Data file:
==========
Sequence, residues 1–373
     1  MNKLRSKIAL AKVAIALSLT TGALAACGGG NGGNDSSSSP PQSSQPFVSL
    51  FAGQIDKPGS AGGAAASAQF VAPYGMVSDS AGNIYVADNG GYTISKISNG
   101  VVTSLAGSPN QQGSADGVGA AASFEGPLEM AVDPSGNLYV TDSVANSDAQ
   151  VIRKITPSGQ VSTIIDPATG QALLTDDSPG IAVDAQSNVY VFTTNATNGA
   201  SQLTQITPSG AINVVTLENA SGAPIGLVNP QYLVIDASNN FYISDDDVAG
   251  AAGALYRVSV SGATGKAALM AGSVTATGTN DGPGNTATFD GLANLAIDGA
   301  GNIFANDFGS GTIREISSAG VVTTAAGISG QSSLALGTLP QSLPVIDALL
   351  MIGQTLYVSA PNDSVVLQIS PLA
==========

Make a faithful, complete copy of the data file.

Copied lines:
Sequence, residues 1–373
     1  MNKLRSKIAL AKVAIALSLT TGALAACGGG NGGNDSSSSP PQSSQPFVSL
    51  FAGQIDKPGS AGGAAASAQF VAPYGMVSDS AGNIYVADNG GYTISKISNG
   101  VVTSLAGSPN QQGSADGVGA AASFEGPLEM AVDPSGNLYV TDSVANSDAQ
   151  VIRKITPSGQ VSTIIDPATG QALLTDDSPG IAVDAQSNVY VFTTNATNGA
   201  SQLTQITPSG AINVVTLENA SGAPIGLVNP QYLVIDASNN FYISDDDVAG
   251  AAGALYRVSV SGATGKAALM AGSVTATGTN DGPGNTATFD GLANLAIDGA
   301  GNIFANDFGS GTIREISSAG VVTTAAGISG QSSLALGTLP QSLPVIDALL
   351  MIGQTLYVSA PNDSVVLQIS PLA